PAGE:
The molecular basis of cytochrome c oxidase (COX, complex IV) deficiency remains genetically undetermined in many cases. Homozygosity mapping and whole-exome sequencing were performed in a consanguineous pedigree with isolated COX deficiency linked to a Leigh syndrome neurological phenotype. Unexpectedly, affected individuals harbored homozygous splice donor site mutations in NDUFA4, a gene previously assigned to encode a mitochondrial respiratory chain complex I (NADH:ubiquinone oxidoreductase) subunit. Western blot analysis of denaturing gels and immunocytochemistry revealed undetectable steady-state NDUFA4 protein levels, indicating that the mutation causes a loss-of-function effect in the homozygous state. Analysis of one- and two-dimensional blue-native polyacrylamide gels confirmed an interaction between NDUFA4 and the COX enzyme complex in control muscle, whereas the COX enzyme complex without NDUFA4 was detectable with no abnormal subassemblies in patient muscle. These observations support recent work in cell lines suggesting that NDUFA4 is an additional COX subunit and demonstrate that NDUFA4 mutations cause human disease. Our findings support reassignment of the NDUFA4 protein to complex IV and suggest that patients with unexplained COX deficiency should be screened for NDUFA4 mutations.
Graphical Abstract
•Mutations in NDUFA4, assigned to encode a complex I subunit, cause human COX deficiency•Confirmed interaction between NDUFA4 and the COX holoenzyme in control muscle•The COX holoenzyme without NDUFA4 is detectable with no abnormal subassemblies in patient muscle•NDUFA4 is essential for complex IV activity, but is not required for assembly of the COX holoenzyme
Isolated cytochrome c oxidase (COX) deficiency is a frequent finding in human mitochondrial disease. Mutations in nuclear-encoded structural subunits are extremely rare, and, in many cases, the molecular basis remains undetermined. Recent evidence in cell lines has suggested that NDUFA4, previously assigned to encode a complex I subunit, actually encodes a structural component of COX. Hanna and colleagues now demonstrate that NDUFA4 mutations cause human COX deficiency, thus confirming NDUFA4 as a COX subunit that is essential for the enzyme’s activity.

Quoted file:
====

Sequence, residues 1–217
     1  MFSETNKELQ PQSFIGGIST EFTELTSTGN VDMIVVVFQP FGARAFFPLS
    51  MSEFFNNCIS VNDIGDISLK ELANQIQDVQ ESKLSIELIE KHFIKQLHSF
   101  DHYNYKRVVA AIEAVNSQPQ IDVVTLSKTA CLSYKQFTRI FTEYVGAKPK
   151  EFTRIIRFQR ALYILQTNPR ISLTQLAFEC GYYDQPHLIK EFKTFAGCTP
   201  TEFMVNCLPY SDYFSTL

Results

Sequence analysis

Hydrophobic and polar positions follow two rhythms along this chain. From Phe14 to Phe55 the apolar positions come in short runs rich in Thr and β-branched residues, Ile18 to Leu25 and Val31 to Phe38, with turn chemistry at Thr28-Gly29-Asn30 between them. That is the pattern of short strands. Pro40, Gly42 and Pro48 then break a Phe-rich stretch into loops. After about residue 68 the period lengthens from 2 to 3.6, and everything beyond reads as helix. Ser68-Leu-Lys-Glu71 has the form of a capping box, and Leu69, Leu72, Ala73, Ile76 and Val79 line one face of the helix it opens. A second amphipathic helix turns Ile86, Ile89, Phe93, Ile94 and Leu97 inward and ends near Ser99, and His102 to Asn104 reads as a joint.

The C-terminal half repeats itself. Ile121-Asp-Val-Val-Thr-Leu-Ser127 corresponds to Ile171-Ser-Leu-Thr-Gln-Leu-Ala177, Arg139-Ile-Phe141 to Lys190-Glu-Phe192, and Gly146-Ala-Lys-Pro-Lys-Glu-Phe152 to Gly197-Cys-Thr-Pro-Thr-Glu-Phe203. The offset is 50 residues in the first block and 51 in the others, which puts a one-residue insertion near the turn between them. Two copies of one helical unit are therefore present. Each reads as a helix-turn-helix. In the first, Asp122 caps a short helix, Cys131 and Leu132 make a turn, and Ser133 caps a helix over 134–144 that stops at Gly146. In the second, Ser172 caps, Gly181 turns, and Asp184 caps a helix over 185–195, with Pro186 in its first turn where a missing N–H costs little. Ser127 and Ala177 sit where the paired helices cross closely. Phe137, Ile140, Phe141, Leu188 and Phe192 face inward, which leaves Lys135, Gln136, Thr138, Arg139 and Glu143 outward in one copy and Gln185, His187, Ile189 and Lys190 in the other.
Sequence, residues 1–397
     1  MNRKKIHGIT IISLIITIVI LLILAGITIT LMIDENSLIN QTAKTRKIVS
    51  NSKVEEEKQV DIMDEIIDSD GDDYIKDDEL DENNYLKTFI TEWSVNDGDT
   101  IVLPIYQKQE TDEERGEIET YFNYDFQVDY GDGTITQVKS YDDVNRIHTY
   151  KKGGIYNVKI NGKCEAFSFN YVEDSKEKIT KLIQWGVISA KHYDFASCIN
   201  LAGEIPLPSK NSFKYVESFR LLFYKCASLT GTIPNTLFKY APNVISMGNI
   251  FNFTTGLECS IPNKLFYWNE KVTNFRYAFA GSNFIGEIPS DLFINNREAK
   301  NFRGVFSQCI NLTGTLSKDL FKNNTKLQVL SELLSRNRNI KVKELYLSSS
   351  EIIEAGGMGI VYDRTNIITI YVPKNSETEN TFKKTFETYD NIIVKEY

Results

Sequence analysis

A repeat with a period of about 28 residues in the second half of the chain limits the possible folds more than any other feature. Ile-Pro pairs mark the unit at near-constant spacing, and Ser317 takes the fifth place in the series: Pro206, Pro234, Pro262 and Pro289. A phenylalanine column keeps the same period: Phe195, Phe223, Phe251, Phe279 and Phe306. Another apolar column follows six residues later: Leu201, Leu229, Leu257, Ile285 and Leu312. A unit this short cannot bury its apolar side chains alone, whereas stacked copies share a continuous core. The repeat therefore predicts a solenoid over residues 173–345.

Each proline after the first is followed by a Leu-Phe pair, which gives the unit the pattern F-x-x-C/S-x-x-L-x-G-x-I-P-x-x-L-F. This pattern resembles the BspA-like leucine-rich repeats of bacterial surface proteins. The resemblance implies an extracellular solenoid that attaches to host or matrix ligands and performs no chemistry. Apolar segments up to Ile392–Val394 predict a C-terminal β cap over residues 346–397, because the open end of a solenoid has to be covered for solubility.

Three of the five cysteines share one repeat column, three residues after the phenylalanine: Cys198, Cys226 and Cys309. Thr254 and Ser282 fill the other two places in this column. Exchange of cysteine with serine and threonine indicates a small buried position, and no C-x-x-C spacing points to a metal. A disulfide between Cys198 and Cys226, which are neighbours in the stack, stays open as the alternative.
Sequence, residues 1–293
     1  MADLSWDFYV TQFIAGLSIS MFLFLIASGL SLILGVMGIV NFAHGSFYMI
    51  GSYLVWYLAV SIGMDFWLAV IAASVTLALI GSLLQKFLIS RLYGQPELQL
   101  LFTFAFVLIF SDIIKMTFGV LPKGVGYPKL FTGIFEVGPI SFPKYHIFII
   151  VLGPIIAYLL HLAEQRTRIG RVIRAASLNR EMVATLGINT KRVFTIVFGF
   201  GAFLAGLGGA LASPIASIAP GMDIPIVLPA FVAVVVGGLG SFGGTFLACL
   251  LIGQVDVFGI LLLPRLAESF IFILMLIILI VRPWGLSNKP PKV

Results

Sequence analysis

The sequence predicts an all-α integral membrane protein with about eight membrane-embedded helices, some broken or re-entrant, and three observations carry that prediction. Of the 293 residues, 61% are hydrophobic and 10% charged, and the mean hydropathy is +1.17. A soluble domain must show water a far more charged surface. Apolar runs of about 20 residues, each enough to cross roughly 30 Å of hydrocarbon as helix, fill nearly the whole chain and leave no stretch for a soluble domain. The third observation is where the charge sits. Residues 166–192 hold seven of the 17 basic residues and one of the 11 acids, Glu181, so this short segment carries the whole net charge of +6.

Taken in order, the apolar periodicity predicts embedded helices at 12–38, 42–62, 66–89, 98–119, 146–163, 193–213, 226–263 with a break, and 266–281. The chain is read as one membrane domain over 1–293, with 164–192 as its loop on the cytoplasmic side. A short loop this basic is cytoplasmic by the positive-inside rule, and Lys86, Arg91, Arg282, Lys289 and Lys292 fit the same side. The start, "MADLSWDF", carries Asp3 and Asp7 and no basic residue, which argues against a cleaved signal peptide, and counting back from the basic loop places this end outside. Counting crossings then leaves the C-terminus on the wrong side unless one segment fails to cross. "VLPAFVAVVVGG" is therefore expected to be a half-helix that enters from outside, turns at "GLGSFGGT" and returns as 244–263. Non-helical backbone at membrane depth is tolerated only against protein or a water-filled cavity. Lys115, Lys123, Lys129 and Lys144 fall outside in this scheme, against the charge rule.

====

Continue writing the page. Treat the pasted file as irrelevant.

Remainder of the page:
PMCID: PMC3701321  PMID: 23746447
PLoS ONE  2012;7(8):e43099.
Our understanding of the molecular mechanisms of many neurological disorders has been greatly enhanced by the discovery of mutations in genes linked to familial forms of these diseases. These have facilitated the generation of cell and animal models that can be used to understand the underlying molecular pathology. Recently, there has been a surge of interest in the use of patient-derived cells, due to the development of induced pluripotent stem cells and their subsequent differentiation into neurons and glia. Access to patient cell lines carrying the relevant mutations is a limiting factor for many centres wishing to pursue this research. We have therefore generated an open-access collection of fibroblast lines from patients carrying mutations linked to neurological disease. These cell lines have been deposited in the National Institute for Neurological Disorders and Stroke (NINDS) Repository at the Coriell Institute for Medical Research and can be requested by any research group for use in in vitro disease modelling. There are currently 71 mutation-defined cell lines available for request from a wide range of neurological disorders and this collection will be continually expanded. This represents a significant resource that will advance the use of patient cells as disease models by the scientific community.
PMCID: PMC3428297  PMID: 22952635
Nature Communications  2011;2:440-.